The Arizona Cardinals spent first round picks on Jonathan Cooper (2013) and D.J. Humphries (2015) and yet both have disappointed so far. They also committed to the O-line in free agency, bringing in Jared Veldheer and Mike Iupati. The Cardinals, even with two underwhelming first round players, have the #8 ranked O-line in pass protection in the NFL (all rankings in this piece via Football Outsiders) and the third best run blocking unit.

Cincinnati has planned ahead, sensing the need to protect Andy Dalton as a priority. They drafted Cedric Ogbuehi (first round) and Jake Fisher (second round) this year to eventually replace their two incumbent offensive tackles. In 2012 they also spent a first round pick on guard Kevin Zeitler and in 2014 a fourth rounder on Russell Bodine. They have the seventh best unit for pass pro and a ranked at #2 in the run game and clearly intend to stay in that range.

The Cleveland Browns hit on two elite O-liners in 2007 (Joe Thomas) and 2009 (Alex Mack). Yet 2015 first rounder Cam Erving is off to a bad start (seemingly Mack’s successor). 2012 early second rounder Mitchell Schwartz has been hit and miss but 2014 second rounder Joel Bitonio has been a roaring success. Despite some heavy draft investment in the trenches, the Browns have given up three more sacks than even the Seahawks in 2015. Their line is ranked dead last in the running game and #26 in pass pro. It’s clear evidence that a good line and a bad supporting cast at the skill positions isn’t a good mix.

The Miami Dolphins have tried to rebuild their O-line recently by drafting Ja’Wuan James in the first round (2014), spending third rounders on Billy Turner and Dallas Thomas and a fourth rounder this year on Jamil Douglas. That follows the previous first round investment on Mike Pouncey (2011). They also signed Brandon Albert in free agency. The line is still in a state of flux despite serious dedication to try and improve. Miami’s line is currently at #25 in the passing game and #19 for the run.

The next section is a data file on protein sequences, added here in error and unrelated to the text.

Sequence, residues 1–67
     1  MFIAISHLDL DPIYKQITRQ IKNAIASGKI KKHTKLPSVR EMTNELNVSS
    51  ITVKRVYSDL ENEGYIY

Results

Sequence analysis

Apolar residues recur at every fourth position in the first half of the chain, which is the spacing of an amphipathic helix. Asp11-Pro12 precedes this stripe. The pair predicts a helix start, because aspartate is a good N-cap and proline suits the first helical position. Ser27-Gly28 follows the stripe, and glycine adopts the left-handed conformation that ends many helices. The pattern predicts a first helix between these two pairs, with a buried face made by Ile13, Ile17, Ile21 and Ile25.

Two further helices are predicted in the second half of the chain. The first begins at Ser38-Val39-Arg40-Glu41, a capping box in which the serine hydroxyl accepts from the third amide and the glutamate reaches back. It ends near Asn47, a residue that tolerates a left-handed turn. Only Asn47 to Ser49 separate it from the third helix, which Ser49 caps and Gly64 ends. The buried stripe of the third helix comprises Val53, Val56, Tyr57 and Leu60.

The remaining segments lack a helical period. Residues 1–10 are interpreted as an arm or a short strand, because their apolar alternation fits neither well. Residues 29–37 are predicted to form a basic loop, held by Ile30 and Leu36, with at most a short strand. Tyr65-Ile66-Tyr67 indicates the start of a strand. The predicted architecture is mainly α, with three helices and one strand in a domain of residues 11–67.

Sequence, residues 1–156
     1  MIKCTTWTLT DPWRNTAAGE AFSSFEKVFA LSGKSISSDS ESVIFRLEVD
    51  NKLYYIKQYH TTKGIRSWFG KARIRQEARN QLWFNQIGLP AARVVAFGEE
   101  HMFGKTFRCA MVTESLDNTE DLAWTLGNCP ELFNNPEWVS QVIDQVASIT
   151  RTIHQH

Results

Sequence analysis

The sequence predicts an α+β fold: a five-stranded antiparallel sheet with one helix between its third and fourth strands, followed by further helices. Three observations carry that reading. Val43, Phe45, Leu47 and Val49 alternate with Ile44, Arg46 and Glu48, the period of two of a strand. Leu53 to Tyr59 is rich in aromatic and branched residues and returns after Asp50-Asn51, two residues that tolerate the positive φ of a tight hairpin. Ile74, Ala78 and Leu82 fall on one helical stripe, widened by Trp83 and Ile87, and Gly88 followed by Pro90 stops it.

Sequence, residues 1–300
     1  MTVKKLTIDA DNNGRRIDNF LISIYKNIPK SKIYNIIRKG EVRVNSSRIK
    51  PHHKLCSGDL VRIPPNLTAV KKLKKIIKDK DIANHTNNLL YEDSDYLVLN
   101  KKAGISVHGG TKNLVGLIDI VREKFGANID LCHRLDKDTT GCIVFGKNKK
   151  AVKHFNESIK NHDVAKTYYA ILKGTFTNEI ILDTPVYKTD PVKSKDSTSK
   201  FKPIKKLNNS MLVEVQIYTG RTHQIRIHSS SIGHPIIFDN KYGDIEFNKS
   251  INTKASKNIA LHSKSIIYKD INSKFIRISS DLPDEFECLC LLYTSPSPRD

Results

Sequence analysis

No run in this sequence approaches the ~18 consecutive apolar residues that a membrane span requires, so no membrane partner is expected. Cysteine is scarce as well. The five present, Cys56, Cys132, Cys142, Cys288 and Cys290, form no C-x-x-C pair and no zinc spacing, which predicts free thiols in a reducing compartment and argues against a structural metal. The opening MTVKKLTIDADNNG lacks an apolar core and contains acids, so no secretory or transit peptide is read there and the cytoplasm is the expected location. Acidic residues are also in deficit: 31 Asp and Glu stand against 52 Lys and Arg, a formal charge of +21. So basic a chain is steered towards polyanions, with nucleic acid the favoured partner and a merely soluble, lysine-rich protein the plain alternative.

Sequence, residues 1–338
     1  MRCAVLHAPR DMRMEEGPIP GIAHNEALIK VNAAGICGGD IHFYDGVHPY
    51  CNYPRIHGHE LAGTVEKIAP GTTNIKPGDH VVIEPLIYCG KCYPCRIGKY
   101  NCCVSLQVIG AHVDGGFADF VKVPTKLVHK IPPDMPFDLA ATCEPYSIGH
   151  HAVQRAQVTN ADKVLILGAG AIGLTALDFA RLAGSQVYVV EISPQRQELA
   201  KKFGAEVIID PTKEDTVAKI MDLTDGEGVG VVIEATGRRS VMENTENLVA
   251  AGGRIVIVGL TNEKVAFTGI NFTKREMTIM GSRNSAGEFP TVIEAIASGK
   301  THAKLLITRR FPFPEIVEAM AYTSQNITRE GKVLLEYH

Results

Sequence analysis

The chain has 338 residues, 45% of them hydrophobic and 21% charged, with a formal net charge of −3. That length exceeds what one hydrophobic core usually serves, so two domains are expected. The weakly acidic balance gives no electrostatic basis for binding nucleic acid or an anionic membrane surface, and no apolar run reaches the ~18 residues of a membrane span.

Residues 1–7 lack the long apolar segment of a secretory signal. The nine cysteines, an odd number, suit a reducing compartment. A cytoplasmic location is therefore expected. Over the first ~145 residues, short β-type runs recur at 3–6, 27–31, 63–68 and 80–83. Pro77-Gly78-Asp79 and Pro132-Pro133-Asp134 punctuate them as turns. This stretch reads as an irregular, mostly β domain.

The New York Giants have made recent moves to improve their line, probably to preserve Eli Manning’s career for a while longer. Ereck Flowers was taken with the #9 pick this year. Justin Pugh was drafted in the first round in 2013. They also spent a second rounder last year on center Weston Richburg. It’s certainly led to some improvement. New York currently has the 12th best pass protecting line and they’re #16 in the run game. They’ve only given up 15 sacks.

Pittsburgh are another team that recently decided they had to spend considerable resource up front to repair their offense. In 2012 they spent their first two picks on guard David DeCastro and tackle Mike Adams. They took Maurkice Pouncey in round one the previous year. They’ve gone from having a horrendous, sieve-like offensive line to a solid unit that boasts the #6 run game in 2015 and the #20 line in pass protection. Consider that they didn’t have Le’veon Bell for the first four games of the season due to suspension and have needed to start Michael Vick and Landry Jones at quarterback. Clearly the line is doing something right.

And then of course there’s Dallas. The most hyped up O-line in the league. Everyone considers the Cowboys’ unit as the best. Tony Romo has still missed games in 2014 and 2015 playing behind this O-line. While it’s certainly not a bad group by any stretch — the three first round picks spent on Tyron Smith, Zack Martin and Travis Frederick (plus the recent addition of La’el Collins) have combined for the #23 ranked line for pass pro and at #8 in the running game. Not bad numbers — but certainly not elite given the major investment. Maybe Romo, Dez Bryant and DeMarcus Murray were the real stars last year?

So these are the teams that have gone big recently. The #1 ranked team in pass protection is Oakland surprisingly. Their line consists of free agent pickups Donald Penn, Rodney Hudson, a former 7th rounder J’Marcus Webb signed from Minnesota, undrafted Austin Howard who bounced around three teams before landing with the Raiders and 2014 third round pick Gabe Jackson.

You wouldn’t put that group together and expect greatness. It emphasises what scheming and a good blend of offensive skill players (Carr, Murray, Cooper & Crabtree) can do for an offense.

The Seahawks — who themselves have spent two first rounders, two second rounders and a third rounder on the O-line since 2009 — have shown they’re unable to scheme around a line that isn’t that talented. The solution is probably going to be expensive — be it picks or salary.

Will they go with a tackle first in 2016 (Coleman, Tunsil, Decker, Conklin) and someone like Adam Bisnowaty, Jason Spriggs or Joe Dahl in rounds 2-3? They also need to find an answer at center — and if they can afford it, might be able to coax Alex Mack to Seattle. Adding a cheaper, wily veteran at tackle or guard might also be attractive.

Ultimately they need tough football players who can pick up the technique quickly. Zack Martin was a rare case — athletic and technically adept while capable of playing any position on the line. A fantastic prospect. But players like Justin Pugh in New York, the Pouncey brothers, Joel Bitonio and others have shown you can find prospects who can make it work quickly with toughness, attitude and some athleticism.